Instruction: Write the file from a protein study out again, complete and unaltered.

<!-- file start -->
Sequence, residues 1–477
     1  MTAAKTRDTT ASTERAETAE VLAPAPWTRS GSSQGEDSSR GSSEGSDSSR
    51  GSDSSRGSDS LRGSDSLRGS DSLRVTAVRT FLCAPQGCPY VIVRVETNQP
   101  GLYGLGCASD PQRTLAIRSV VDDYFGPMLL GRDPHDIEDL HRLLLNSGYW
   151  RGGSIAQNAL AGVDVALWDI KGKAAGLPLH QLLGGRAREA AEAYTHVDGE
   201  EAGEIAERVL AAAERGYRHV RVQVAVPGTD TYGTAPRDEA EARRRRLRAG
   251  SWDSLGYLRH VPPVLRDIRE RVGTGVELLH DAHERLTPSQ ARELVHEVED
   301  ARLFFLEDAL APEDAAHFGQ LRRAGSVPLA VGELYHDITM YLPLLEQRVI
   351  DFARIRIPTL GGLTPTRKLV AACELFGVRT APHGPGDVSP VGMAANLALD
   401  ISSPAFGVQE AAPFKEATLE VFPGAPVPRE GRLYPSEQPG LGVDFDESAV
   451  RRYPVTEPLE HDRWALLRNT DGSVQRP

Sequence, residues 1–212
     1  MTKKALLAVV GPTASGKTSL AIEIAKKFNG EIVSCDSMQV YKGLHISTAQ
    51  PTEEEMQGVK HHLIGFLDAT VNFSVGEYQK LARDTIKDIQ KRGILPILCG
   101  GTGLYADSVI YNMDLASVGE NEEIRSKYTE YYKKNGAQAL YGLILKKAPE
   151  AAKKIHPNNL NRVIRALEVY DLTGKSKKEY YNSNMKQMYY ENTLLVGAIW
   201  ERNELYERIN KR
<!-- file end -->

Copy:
Sequence, residues 1–477
     1  MTAAKTRDTT ASTERAETAE VLAPAPWTRS GSSQGEDSSR GSSEGSDSSR
    51  GSDSSRGSDS LRGSDSLRGS DSLRVTAVRT FLCAPQGCPY VIVRVETNQP
   101  GLYGLGCASD PQRTLAIRSV VDDYFGPMLL GRDPHDIEDL HRLLLNSGYW
   151  RGGSIAQNAL AGVDVALWDI KGKAAGLPLH QLLGGRAREA AEAYTHVDGE
   201  EAGEIAERVL AAAERGYRHV RVQVAVPGTD TYGTAPRDEA EARRRRLRAG
   251  SWDSLGYLRH VPPVLRDIRE RVGTGVELLH DAHERLTPSQ ARELVHEVED
   301  ARLFFLEDAL APEDAAHFGQ LRRAGSVPLA VGELYHDITM YLPLLEQRVI
   351  DFARIRIPTL GGLTPTRKLV AACELFGVRT APHGPGDVSP VGMAANLALD
   401  ISSPAFGVQE AAPFKEATLE VFPGAPVPRE GRLYPSEQPG LGVDFDESAV
   451  RRYPVTEPLE HDRWALLRNT DGSVQRP

Sequence, residues 1–212
     1  MTKKALLAVV GPTASGKTSL AIEIAKKFNG EIVSCDSMQV YKGLHISTAQ
    51  PTEEEMQGVK HHLIGFLDAT VNFSVGEYQK LARDTIKDIQ KRGILPILCG
   101  GTGLYADSVI YNMDLASVGE NEEIRSKYTE YYKKNGAQAL YGLILKKAPE
   151  AAKKIHPNNL NRVIRALEVY DLTGKSKKEY YNSNMKQMYY ENTLLVGAIW
   201  ERNELYERIN KR